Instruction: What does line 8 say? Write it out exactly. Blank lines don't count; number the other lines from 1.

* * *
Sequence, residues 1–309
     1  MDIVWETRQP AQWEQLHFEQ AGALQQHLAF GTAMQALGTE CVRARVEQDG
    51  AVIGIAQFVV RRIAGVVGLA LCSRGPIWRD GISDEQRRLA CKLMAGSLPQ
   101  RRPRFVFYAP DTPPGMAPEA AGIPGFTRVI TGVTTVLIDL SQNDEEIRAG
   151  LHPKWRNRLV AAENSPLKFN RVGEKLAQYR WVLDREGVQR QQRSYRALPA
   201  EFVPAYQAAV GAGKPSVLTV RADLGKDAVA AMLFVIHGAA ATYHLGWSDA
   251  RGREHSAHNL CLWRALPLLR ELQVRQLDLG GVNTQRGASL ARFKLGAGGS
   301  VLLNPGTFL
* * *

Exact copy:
   301  VLLNPGTFL